Monday, January 14, 2013

Mainstream LGBT and Corporate Lip Service

If you've been hanging out with transgender people for any useful length of time, you will realize that a large percentage of us do not trust the Human Rights Campaign, despite it being one of the main public faces of the LGBT movement in general.  This is due to a lot of deep, transphobic wounds that have yet to heal.  I'm young, but I'm old enough to remember supporting the HRC only to have them jump through hoops to avoid actually advocating for transgender people.  They are big fans of "incremental progress," which basically means "if it's good for the gays, it'll eventually be good for everyone else," which unfortunately is not true by any stretch of the word.

I'm not talking about that here, but I can't mention the HRC without feeling a burning pit of betrayal.  Rather, I'm going to talk a little about something I saw people write about lately, which is the HRC's corporate equality index.  This guide gives a 0 - 100 score to a company based on its record and policies relating to LGBT people, and one of the criteria is transgender-specific health care.  In other words, it will drive the score up if the corporation offers insurance that covers things like hormone therapy and surgery for transgender people.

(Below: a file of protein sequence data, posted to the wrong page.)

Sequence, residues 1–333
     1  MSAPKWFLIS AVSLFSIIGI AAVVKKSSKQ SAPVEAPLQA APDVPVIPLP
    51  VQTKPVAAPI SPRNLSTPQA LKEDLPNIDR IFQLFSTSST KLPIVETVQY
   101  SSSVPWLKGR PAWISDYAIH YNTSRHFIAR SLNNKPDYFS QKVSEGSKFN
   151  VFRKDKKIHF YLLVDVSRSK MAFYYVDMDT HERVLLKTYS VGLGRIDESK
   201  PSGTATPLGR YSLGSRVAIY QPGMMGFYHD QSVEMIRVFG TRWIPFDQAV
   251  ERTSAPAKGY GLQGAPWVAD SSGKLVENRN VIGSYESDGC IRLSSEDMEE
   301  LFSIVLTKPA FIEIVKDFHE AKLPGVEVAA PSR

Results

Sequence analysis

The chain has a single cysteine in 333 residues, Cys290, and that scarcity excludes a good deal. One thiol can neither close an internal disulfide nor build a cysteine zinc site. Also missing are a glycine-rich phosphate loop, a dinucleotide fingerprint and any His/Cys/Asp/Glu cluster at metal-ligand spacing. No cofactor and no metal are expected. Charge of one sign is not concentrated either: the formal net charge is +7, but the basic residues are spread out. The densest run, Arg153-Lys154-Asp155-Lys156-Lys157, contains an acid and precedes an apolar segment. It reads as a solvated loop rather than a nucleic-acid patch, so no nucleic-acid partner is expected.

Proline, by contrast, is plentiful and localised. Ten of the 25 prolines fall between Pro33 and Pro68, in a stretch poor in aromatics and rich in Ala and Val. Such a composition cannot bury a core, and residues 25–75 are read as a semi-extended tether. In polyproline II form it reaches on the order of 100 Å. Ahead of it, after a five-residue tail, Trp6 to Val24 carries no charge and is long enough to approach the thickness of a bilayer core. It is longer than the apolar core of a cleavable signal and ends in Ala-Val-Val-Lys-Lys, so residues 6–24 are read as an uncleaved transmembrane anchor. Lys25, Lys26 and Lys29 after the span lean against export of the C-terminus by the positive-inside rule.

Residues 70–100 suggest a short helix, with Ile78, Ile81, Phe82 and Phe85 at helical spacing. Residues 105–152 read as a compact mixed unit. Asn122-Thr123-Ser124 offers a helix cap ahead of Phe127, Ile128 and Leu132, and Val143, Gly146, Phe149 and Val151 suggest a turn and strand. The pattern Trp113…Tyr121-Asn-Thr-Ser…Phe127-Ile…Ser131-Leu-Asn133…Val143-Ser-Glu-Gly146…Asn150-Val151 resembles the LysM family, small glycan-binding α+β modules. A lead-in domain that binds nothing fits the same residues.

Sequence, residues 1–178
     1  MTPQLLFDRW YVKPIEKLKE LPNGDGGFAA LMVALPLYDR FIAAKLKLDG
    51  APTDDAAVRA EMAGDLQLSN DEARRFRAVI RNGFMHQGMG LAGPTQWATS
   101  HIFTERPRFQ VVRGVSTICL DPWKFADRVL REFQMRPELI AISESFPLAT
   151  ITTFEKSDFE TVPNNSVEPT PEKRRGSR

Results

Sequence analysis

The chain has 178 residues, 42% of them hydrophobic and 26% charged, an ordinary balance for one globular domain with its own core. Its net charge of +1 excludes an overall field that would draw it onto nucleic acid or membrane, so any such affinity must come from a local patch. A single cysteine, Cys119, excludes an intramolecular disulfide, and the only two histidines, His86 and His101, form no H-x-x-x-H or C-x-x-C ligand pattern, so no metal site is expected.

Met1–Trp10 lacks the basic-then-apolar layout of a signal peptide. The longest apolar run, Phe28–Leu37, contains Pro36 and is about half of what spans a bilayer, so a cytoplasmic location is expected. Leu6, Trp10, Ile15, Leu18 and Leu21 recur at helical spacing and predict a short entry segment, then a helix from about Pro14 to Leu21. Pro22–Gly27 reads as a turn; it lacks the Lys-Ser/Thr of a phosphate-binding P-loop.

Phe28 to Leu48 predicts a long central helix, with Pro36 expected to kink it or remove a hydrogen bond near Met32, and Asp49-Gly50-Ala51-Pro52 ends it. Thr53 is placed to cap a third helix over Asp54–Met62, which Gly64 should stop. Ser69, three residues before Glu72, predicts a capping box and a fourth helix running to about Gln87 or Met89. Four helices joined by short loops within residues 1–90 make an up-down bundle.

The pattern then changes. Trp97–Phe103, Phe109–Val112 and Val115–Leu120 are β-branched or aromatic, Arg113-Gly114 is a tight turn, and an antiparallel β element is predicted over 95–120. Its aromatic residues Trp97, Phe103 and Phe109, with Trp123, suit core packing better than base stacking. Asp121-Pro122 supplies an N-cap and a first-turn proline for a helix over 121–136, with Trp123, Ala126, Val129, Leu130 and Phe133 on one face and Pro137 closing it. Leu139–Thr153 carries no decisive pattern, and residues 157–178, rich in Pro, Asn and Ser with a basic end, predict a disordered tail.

Here's the reality, though:  Just because insurance with transgender-inclusive benefits is offered doesn't mean it's actually attainable.  Meaning there are people who used the corporate equality index or some other list of companies offering this benefit and got hired only to find that it was too difficult to pick up the number of hours required for health insurance benefits or, even worse, that the company has a "revolving door" thing going on... they get rid of people and replace them before they qualify for benefits.

It's relatively common for companies to, to put it bluntly, screw their employees in a manner that happens to fit the situation best for the company's bottom line.  For some, it's either firing people or making conditions so awful that nobody ever works there long enough to get benefits.  For others, it's hiring so many people that nobody ever gets the number of weekly hours required to get benefits.  And others go the opposite direction; they hire few people and over-work them so they only have to pay out benefits to those few people.

What does this have to do with the LGBT movement?  The things we place priority on are often, well, horrible.  Most of the movement's effort is being concentrated into marriage... rather than work toward real relationship equality, re-working something that was a flawed institution to begin with.  In the same way, rather than challenge the entire issue of health care in this country and the way it harms not only transgender people, but all LGBT people through a myriad of poorly-funded and poorly-educated health issues relevant to our community, the movement gives little gold stars to try shuttling some of our interests into the flawed health insurance industry... all without bothering to consider whether or not those gold stars mean those benefits are actually accessible.

But Gods forbid you talk about things like government-sponsored health care or even really any legal structure designed to increase access.  Wouldn't want people to think us queers actually want real change, right?